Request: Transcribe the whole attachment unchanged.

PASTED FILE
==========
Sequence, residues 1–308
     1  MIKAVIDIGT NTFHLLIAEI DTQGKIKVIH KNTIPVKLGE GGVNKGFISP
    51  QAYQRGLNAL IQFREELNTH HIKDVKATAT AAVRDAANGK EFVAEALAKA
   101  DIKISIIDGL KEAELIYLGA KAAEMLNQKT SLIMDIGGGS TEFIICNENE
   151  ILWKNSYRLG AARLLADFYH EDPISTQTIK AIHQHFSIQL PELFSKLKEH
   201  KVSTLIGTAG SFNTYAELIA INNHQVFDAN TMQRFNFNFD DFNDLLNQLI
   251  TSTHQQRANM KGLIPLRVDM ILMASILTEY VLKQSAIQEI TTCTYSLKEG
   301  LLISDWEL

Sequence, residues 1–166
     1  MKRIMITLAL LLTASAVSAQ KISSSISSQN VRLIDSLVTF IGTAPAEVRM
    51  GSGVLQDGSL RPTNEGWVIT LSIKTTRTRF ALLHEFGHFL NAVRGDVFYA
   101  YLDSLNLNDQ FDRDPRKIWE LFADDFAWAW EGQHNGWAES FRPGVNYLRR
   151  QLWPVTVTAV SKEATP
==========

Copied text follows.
Sequence, residues 1–308
     1  MIKAVIDIGT NTFHLLIAEI DTQGKIKVIH KNTIPVKLGE GGVNKGFISP
    51  QAYQRGLNAL IQFREELNTH HIKDVKATAT AAVRDAANGK EFVAEALAKA
   101  DIKISIIDGL KEAELIYLGA KAAEMLNQKT SLIMDIGGGS TEFIICNENE
   151  ILWKNSYRLG AARLLADFYH EDPISTQTIK AIHQHFSIQL PELFSKLKEH
   201  KVSTLIGTAG SFNTYAELIA INNHQVFDAN TMQRFNFNFD DFNDLLNQLI
   251  TSTHQQRANM KGLIPLRVDM ILMASILTEY VLKQSAIQEI TTCTYSLKEG
   301  LLISDWEL

Sequence, residues 1–166
     1  MKRIMITLAL LLTASAVSAQ KISSSISSQN VRLIDSLVTF IGTAPAEVRM
    51  GSGVLQDGSL RPTNEGWVIT LSIKTTRTRF ALLHEFGHFL NAVRGDVFYA
   101  YLDSLNLNDQ FDRDPRKIWE LFADDFAWAW EGQHNGWAES FRPGVNYLRR
   151  QLWPVTVTAV SKEATP